Saunders

Saunders: Ignore death row note

Staff WriterJanuary 26, 2012 

Most people, if they've got a good thing going - especially an undeservedly good thing that can be taken away at any minute - are going to keep it to themselves.

They most assuredly aren't going to write a letter to the local fish wrapper exulting over what taxpayer-funded fun they're having. Yet that is precisely what Danny Robbie Hembree Jr. did recently.

In a letter to the Gaston Gazette, his hometown newspaper, Hembree boasted of being "a gentleman of leisure" who watches color TV in air-conditioned comfort at Central Prison and naps at will while "eating three well-balanced meals a day. ... Is the public aware that the chances of my lawful murder taking place in the next 20 years if ever are very slim?"

You know what we ought to do about this assault on decency by a convicted murderer?

Nothing.

That's what Ty Hunter, executive director of the N.C. Center for Death Penalty Litigation, thinks. Me, too.

"If people don't want to please him, they should ignore him," Hunter said. "I think it would be his dream come true if the legislature had a special meeting to discuss the issue" or proposed some knee-jerk bill. "Ignoring him would be the only thing he's not happy about."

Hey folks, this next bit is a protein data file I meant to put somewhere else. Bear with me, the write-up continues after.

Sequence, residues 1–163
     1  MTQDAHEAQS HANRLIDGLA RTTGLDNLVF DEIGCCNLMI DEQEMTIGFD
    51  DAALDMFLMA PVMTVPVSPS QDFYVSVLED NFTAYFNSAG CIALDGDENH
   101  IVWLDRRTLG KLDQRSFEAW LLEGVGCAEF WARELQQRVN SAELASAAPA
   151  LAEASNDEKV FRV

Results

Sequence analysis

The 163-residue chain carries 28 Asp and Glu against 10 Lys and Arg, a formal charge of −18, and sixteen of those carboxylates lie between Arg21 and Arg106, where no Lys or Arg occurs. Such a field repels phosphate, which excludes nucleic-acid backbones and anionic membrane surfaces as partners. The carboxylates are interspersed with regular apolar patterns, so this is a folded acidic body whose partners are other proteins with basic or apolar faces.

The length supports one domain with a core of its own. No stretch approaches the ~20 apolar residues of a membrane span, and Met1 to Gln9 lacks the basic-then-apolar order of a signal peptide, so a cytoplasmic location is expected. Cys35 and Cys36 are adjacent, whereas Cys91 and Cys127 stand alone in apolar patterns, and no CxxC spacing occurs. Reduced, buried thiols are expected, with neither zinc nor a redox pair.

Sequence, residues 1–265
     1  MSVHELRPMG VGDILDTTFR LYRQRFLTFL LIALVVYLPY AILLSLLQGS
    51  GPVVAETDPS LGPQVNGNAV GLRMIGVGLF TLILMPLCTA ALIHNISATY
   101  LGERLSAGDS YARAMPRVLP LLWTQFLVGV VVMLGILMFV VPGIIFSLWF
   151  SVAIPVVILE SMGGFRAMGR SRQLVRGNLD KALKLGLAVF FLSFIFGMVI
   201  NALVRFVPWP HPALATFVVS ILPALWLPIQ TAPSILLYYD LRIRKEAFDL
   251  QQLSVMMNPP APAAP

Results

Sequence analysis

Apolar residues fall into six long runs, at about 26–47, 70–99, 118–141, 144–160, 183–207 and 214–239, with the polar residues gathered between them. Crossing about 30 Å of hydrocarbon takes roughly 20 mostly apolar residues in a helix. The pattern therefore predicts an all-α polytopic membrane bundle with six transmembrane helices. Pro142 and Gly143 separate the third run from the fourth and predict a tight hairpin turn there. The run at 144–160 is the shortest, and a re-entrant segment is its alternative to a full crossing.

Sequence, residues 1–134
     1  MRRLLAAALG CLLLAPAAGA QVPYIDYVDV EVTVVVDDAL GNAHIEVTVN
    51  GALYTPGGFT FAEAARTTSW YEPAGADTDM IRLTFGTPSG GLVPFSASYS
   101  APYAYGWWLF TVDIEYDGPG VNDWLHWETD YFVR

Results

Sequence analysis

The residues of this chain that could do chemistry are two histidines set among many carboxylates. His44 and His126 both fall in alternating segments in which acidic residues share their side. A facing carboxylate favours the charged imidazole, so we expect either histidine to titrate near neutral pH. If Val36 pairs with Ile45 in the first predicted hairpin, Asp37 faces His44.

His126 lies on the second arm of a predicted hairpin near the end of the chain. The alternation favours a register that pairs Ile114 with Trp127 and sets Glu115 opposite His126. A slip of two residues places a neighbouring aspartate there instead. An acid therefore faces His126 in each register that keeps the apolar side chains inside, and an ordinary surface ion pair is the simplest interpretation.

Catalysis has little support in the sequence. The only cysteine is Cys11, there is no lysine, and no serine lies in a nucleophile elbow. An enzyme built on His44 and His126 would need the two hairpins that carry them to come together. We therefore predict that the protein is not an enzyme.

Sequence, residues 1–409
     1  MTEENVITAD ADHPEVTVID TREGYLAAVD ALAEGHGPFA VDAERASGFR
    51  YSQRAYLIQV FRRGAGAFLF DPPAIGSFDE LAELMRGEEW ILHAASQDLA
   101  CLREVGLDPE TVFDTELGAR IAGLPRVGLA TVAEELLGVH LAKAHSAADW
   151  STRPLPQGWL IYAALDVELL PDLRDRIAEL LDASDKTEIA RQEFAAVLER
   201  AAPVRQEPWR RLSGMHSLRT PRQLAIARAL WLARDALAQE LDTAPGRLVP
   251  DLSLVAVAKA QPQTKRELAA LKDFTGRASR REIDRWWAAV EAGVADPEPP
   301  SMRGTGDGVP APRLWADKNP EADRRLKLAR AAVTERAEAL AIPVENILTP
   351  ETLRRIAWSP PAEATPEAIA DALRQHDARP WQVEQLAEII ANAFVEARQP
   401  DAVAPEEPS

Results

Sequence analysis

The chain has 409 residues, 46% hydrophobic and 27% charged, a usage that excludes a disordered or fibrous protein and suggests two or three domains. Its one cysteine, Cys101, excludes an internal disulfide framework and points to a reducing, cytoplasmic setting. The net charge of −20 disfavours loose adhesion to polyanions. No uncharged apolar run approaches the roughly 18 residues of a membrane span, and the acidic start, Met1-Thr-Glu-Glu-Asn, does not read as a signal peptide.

Hunter stressed that neither he nor the center he heads has been involved in Hembree's case. But he said he thinks Hembree's literary attention-seeking "would probably make my job tougher if people thought there were others like him" on death row. "I'm sure it's annoying to people. He's presenting a completely unsympathetic face of death row inmates. He feeds into the stereotype" that some people believe - prisoners have it made.

"In common parlance," Hunter said, "he's obviously a publicity-seeking nut. I don't know this guy, never met him. Maybe he does like death row, but I can tell you a lot of people who wouldn't like it a bit."

One person who didn't like it a bit was Glen Edward Chapman, who spent 14 years on death row for two murders he was subsequently cleared of. I couldn't reach him, but in a 2009 interview in the Henderson Times News, he painted a distinctly differently picture from the Life of Riley painted by Hembree.

"Daily conditions? Food was terrible. Floodlights 24-7. THAT was torture. ... Sometimes punishment was to move us old guys where the younger play rap music all the time. Classes and the arts? ... We were told, 'You're not here to learn - you're here to die.' "

Hembree is either, as Hunter said, a nut or just a low-ambition-possessing, attention-seeking psychopath. What other conclusion can you draw about someone who thinks access to color television and frequent naps, as well as the unlikelihood that he'll be executed before 2032 makes him "a man of leisure" and is something to write the hometown paper about?

It's going to be hard, but the best thing the legislature - and now, the rest of us - can do is to pay no attention to that man behind the bars.

Tell Barry what you think at 919-836-2811 or bsaunders@newsobserver.com.

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